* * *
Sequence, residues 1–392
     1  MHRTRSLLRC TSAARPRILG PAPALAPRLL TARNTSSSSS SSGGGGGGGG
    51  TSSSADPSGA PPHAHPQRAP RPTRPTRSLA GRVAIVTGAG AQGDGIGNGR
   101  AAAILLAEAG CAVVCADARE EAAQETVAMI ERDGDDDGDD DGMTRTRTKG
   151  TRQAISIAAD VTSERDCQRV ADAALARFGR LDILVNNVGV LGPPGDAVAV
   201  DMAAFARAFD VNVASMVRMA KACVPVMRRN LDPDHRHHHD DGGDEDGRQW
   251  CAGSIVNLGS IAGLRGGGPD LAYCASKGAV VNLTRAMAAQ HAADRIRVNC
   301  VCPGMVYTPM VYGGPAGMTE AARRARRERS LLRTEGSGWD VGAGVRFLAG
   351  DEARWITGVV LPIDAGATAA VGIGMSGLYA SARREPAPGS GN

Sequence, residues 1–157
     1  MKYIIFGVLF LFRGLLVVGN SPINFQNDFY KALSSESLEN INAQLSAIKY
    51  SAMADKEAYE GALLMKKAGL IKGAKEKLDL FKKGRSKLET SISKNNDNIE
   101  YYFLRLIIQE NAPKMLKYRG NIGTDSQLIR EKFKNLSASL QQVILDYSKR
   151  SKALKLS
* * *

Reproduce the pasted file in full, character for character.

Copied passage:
Sequence, residues 1–392
     1  MHRTRSLLRC TSAARPRILG PAPALAPRLL TARNTSSSSS SSGGGGGGGG
    51  TSSSADPSGA PPHAHPQRAP RPTRPTRSLA GRVAIVTGAG AQGDGIGNGR
   101  AAAILLAEAG CAVVCADARE EAAQETVAMI ERDGDDDGDD DGMTRTRTKG
   151  TRQAISIAAD VTSERDCQRV ADAALARFGR LDILVNNVGV LGPPGDAVAV
   201  DMAAFARAFD VNVASMVRMA KACVPVMRRN LDPDHRHHHD DGGDEDGRQW
   251  CAGSIVNLGS IAGLRGGGPD LAYCASKGAV VNLTRAMAAQ HAADRIRVNC
   301  VCPGMVYTPM VYGGPAGMTE AARRARRERS LLRTEGSGWD VGAGVRFLAG
   351  DEARWITGVV LPIDAGATAA VGIGMSGLYA SARREPAPGS GN

Sequence, residues 1–157
     1  MKYIIFGVLF LFRGLLVVGN SPINFQNDFY KALSSESLEN INAQLSAIKY
    51  SAMADKEAYE GALLMKKAGL IKGAKEKLDL FKKGRSKLET SISKNNDNIE
   101  YYFLRLIIQE NAPKMLKYRG NIGTDSQLIR EKFKNLSASL QQVILDYSKR
   151  SKALKLS